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|Subject: Re: Selecting stocks the Ben Graham way||Date: 12/9/2004 9:07 PM|
|Author: PaulEngr||Number: 34815 of 46905|
It's true that the Ben Graham criteria will not select tech companies. So what?
Actually, I hate tech companies. I don't even try to analyze them. They bob in the winds on nothing at all that makes any kind of business sense. And that's coming from a guy that used to work on computers with a soldering iron!
I'm more interested in a different angle with regards to book value (and good will for that matter).
What interests me is the companies where the issue of "the whole is worth more than the sum of the parts" or it's converse is true. Those that have the converse case are often ripe for takeover attempts...the old leveraged buyout: buy the company, sell off the parts that are wealth consuming instead of creating, and then sell off the rest for a profit.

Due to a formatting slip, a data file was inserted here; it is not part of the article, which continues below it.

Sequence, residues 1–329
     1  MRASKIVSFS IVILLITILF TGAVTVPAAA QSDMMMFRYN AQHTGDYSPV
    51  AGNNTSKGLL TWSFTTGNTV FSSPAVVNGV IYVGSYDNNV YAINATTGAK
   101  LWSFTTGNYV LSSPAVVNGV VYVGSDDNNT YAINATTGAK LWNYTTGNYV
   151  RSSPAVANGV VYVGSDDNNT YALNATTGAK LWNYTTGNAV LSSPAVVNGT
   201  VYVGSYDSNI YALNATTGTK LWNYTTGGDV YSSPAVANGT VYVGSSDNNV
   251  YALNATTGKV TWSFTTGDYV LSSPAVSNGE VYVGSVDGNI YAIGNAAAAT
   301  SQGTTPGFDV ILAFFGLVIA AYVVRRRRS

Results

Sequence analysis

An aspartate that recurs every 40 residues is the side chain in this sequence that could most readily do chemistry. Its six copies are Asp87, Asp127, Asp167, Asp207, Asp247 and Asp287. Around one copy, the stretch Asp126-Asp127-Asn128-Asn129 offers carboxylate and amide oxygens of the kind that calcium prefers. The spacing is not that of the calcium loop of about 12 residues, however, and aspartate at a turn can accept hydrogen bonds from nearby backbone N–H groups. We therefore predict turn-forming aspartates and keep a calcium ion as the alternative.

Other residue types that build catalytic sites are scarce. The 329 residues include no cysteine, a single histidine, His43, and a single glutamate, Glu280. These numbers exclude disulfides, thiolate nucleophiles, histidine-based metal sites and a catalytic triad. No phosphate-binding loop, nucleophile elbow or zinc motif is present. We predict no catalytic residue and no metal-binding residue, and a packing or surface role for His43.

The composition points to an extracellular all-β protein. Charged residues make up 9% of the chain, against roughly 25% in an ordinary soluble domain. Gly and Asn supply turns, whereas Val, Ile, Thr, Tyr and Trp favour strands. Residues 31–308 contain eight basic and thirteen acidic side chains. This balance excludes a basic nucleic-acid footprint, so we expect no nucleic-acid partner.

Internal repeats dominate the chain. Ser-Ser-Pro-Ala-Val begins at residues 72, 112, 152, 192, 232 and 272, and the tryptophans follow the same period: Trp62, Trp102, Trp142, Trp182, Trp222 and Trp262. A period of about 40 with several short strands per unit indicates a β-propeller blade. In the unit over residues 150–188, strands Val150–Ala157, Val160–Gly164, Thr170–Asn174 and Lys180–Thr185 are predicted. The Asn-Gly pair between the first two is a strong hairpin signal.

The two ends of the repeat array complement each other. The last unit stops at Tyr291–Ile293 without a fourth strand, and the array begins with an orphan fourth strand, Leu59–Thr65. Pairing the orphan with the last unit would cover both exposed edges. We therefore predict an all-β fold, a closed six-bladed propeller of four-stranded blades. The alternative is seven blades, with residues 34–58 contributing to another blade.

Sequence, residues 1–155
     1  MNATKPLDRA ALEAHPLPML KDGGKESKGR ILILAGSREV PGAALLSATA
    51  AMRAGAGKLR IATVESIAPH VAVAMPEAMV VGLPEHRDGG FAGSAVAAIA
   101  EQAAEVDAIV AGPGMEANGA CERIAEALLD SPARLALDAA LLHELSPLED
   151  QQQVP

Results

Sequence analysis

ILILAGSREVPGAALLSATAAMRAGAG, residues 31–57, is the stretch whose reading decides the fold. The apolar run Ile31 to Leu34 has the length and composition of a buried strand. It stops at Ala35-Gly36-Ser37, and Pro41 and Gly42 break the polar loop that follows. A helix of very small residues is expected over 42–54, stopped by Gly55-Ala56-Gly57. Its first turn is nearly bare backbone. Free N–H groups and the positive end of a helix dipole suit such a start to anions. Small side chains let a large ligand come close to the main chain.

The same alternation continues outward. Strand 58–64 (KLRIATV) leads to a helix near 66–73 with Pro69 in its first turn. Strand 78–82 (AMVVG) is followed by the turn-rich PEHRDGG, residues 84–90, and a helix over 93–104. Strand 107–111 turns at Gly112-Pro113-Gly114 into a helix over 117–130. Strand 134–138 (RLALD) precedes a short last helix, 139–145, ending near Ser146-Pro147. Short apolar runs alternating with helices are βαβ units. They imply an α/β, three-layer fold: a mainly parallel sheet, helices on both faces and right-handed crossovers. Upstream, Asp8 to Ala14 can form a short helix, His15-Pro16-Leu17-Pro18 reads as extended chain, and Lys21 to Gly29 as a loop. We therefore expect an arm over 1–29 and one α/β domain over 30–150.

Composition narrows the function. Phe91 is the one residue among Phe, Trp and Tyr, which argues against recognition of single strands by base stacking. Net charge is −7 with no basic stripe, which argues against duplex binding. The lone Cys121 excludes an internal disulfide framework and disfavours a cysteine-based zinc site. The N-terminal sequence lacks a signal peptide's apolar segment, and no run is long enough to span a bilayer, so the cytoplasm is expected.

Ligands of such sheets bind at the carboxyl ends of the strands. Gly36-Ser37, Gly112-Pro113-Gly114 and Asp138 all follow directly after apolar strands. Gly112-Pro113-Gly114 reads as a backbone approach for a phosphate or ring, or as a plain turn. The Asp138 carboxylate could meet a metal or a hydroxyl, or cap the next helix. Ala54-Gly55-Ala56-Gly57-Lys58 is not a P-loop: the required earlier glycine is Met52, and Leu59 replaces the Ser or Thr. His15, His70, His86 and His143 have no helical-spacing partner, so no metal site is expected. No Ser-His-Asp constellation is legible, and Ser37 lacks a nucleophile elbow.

The "normal cases" (sum of the whole is worth more than the parts) is interesting in that I can often identify companies that are much stronger financially from a value perspective than from a ratio analysis perspective, which often causes them to have artificially low prices (and profit making opportunities).
So I'm looking for exceptions to the book value rule on a regular basis, but I steer clear of tech stocks entirely. Unless you can call material science companies "tech stocks".
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